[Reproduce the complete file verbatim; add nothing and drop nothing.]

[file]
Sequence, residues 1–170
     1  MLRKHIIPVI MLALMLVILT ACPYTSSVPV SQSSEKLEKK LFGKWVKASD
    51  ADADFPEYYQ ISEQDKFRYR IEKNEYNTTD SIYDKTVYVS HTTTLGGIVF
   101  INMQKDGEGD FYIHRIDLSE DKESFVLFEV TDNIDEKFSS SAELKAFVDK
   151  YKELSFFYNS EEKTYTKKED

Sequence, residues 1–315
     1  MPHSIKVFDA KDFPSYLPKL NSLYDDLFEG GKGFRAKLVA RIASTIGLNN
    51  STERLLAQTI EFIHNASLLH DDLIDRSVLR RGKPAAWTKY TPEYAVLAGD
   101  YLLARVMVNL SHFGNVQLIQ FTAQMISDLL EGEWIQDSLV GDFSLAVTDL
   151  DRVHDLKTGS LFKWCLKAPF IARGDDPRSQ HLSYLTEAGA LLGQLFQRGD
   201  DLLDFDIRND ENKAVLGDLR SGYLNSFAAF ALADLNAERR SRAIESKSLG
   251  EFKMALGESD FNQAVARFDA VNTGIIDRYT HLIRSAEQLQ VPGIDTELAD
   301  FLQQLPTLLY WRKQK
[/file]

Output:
Sequence, residues 1–170
     1  MLRKHIIPVI MLALMLVILT ACPYTSSVPV SQSSEKLEKK LFGKWVKASD
    51  ADADFPEYYQ ISEQDKFRYR IEKNEYNTTD SIYDKTVYVS HTTTLGGIVF
   101  INMQKDGEGD FYIHRIDLSE DKESFVLFEV TDNIDEKFSS SAELKAFVDK
   151  YKELSFFYNS EEKTYTKKED

Sequence, residues 1–315
     1  MPHSIKVFDA KDFPSYLPKL NSLYDDLFEG GKGFRAKLVA RIASTIGLNN
    51  STERLLAQTI EFIHNASLLH DDLIDRSVLR RGKPAAWTKY TPEYAVLAGD
   101  YLLARVMVNL SHFGNVQLIQ FTAQMISDLL EGEWIQDSLV GDFSLAVTDL
   151  DRVHDLKTGS LFKWCLKAPF IARGDDPRSQ HLSYLTEAGA LLGQLFQRGD
   201  DLLDFDIRND ENKAVLGDLR SGYLNSFAAF ALADLNAERR SRAIESKSLG
   251  EFKMALGESD FNQAVARFDA VNTGIIDRYT HLIRSAEQLQ VPGIDTELAD
   301  FLQQLPTLLY WRKQK